U.S. Customs and Border Protection will begin surveying land belonging to the Rio Grande City school district, possibly for the purposes of a proposed border wall.
The RGC school board approved a request from U.S. Customs and Border Protection Monday to enter onto the district’s property for survey and site assessment.
Board President Daniel Garcia said he couldn’t comment on whether it was for border wall since CBP did not specify the purpose of the assessment.
However, the land they will survey is located by the Rio Grande River, Garcia said.
“It didn’t affect anything having to do with the school,” he said of the site. “It was more toward land that we don’t even use that’s by the river.”
Garcia said trustees only approved an assessment and expected CBP needing to seek further board approval for any additional action.
“I would assume that’d be the next step,” he said. “Once they complete their survey, for whatever purpose they’re doing their survey, I guess we’ll be informed on what’s the next step or what they’re planning.”
The request from CBP signals the government’s plans to move forward with constructing a border barrier in Starr County. In March, Congress approved 8 miles of border wall approved in the omnibus spending bill, which also included 25 miles of new levee wall along the Rio Grande.
Last week, U.S. Rep. Henry Cuellar, D-Laredo, met with CBP officials who informed him they’re moving forward with trying to acquire land.
“Generally speaking, they’ve got the funds and they’re in the process,” Cuellar said.
“They’re going through the process of trying find land,” he said, adding that officials are facing difficulties with identifying some land owners.
Ownership of some private land, particularly in Starr County, goes back to Spanish land grants, making it hard to determine who owns it.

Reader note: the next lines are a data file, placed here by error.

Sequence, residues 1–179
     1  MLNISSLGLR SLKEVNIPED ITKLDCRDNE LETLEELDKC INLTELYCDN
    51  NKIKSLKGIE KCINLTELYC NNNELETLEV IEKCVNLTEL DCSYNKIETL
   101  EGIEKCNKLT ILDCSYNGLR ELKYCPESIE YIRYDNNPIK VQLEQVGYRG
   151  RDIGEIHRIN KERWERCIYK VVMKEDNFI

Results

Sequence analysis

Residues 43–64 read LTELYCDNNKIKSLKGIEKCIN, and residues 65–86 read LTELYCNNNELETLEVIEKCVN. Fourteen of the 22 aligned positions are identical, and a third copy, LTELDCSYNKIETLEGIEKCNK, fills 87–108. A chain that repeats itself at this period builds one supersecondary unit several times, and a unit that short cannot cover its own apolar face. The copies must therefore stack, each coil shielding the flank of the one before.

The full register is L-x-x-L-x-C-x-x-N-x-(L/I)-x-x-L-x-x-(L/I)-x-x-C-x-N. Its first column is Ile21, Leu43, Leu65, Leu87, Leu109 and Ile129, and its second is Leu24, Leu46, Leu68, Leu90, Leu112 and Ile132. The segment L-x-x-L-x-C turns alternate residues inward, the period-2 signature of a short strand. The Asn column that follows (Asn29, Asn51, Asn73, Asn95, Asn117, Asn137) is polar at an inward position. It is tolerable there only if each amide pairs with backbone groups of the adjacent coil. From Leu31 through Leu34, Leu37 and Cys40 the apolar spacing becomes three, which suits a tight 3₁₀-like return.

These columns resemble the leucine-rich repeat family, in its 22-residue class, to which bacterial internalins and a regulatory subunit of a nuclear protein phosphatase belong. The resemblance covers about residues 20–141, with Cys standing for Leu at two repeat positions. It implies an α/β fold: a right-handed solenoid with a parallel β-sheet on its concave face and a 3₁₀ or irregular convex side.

However, even if the property owners are known, the congressman said the process of taking the land would likely be long and difficult.
“I’m sure there will be lawsuits that will be filed or have been filed,” he said, “but they’re moving and in my opinion it’s not as fast as everybody thinks it’s going to be.”
Cuellar said he was not briefed on details on what property or where officials were looking at for the border wall.
In April, Starr County officials confirmed they met with government officials who informed them wall construction would begin east of the Fronton area and extend 5.5 miles into Escobares. However, uncertainty remains regarding Roma’s downtown area.
Two other local entities, the cities of Donna and Mission, and the Catholic Diocese of Brownsville, also received requests from CBP for permission to survey the land, The Monitor previously reported.
The city of Donna approved the request while the Mission City Council has not yet taken up the item for consideration, though the council previously passed a resolution publicly opposing construction of any border barrier. It’s unclear if the Diocese approved the request.
If it is the case that CBP wants to survey the school district’s property for the border wall, Garcia said he understands the need for security but lamented the possible environmental effects.
“I’m not really for that, but I guess it’s the federal government’s decision to decide if we need a wall or not,” he said.